American Red Oak is a dominant species in the eastern U.S. hardwood forests. Despite its name – which comes from the color of its leaves in the fall – its sapwood is white to light brown and its heartwood is a pinkish-reddish brown. Its grain is distinctive. It machines well. It’s hard and heavy, and an excellent species choice for creative designs like ‘Blushing Bar.’
A collaborative effort of architects Chan + Eayrs, craftsman Sebastian Cox, and the American Hardwood Export Council (AHEC), David Venables, European Director of AHEC, says he was initially nervous about the idea of ‘making red oak more red’, but was won over by the creativity and the beauty of the effect.
Uniquely pink and curiously inviting, ‘Blushing Bar:’
- Is composed of 10 curved modules – designed for water, alcohol, sodas, fruit, herbs, ice, glasses, holders, cutting, wash basin – that connect to form a circular bar.
- Was designed by Chan + Eayrs, a husband and wife team that gets personally involved in each project, and a duo that likes to “feel” their work. “Love makes one blush,” says Merlin Eayrs, “and the heart pound; increasing blood circulation through the body through our veins." Thus the name and color of the bar.
- Was built by Sebastian Cox, a furniture designer, maker and environmentalist based in south London “who is deeply motivated by the way generations of craftsmen have used a limited palette of biodegradable and renewal materials, extracted from the land in a responsible and connected way.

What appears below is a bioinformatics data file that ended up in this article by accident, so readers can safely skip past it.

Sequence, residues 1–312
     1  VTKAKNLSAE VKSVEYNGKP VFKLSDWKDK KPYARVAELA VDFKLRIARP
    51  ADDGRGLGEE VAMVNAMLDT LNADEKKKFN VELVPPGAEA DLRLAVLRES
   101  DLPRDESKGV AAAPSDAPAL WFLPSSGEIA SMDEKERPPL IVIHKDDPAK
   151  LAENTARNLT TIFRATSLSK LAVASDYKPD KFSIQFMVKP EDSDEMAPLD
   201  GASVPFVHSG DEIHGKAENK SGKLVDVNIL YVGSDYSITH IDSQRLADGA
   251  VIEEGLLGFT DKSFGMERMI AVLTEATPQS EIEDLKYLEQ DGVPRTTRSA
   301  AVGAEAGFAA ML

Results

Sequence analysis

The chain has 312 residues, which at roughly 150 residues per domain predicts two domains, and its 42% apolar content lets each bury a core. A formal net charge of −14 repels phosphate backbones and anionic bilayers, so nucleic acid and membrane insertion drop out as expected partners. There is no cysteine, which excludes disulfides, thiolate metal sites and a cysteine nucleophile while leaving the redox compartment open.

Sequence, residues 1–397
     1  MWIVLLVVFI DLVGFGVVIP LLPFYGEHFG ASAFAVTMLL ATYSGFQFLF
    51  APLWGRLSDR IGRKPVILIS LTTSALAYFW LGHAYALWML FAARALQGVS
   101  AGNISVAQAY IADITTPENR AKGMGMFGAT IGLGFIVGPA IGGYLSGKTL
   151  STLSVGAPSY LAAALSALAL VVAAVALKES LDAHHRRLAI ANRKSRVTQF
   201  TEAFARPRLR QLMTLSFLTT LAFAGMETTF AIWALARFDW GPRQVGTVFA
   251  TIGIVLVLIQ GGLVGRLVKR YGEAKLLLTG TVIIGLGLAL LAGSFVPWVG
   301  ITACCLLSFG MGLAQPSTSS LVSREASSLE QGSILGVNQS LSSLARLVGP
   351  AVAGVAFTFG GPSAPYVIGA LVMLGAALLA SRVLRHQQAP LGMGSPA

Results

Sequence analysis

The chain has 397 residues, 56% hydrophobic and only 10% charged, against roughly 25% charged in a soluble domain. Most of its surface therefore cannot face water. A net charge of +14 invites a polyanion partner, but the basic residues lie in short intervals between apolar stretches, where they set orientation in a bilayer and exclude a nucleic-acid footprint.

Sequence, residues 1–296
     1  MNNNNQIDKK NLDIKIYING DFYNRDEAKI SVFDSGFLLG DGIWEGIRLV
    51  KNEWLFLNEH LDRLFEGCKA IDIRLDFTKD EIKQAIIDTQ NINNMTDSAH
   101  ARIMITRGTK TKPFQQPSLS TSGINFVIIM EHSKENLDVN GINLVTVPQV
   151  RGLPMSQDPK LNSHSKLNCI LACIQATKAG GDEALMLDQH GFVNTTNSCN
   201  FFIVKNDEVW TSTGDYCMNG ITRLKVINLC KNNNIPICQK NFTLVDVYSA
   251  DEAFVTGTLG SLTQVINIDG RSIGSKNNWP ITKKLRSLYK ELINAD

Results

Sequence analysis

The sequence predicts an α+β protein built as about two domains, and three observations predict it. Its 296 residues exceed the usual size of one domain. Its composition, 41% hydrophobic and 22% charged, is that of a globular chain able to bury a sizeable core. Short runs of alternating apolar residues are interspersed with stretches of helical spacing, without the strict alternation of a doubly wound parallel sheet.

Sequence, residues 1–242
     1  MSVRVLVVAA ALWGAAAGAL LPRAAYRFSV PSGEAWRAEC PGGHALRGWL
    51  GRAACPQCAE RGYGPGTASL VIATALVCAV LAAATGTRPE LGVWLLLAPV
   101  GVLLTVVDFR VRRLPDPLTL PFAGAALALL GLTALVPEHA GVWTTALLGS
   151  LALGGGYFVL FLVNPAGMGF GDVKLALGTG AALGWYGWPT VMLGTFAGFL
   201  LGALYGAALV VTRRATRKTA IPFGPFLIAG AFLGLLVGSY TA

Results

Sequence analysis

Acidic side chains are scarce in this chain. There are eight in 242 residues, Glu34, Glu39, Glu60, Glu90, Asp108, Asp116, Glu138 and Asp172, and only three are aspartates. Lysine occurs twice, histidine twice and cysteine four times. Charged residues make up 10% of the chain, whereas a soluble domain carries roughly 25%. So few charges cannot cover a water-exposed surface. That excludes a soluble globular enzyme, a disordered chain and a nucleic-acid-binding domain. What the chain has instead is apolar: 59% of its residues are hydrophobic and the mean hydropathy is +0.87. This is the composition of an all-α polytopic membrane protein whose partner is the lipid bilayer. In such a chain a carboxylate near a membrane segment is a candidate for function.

- “To dye the wood, Cox and his team machined a series of uniform holes into the end grain of the red oak; put the wood into a purpose-made dying jig; filled the holes with red calligraphy ink; and used pressured air to force the ink into the uniquely ring porous structure of the red oak.”
From the Craftsman
“The properties of wood are traditionally thought of in relation to its strength, hardness and weight, but when you start looking at the cellular structure of wood, you can begin to explore other properties. Red oak is uniquely ring porous, so this project has been a really fun exploration of its cellular composition, and how we can use it to achieve a new aesthetic.”
To learn more about this unique project, visit www.americanhardwood.org .
Photo courtesy: Giovanni Nardi Photography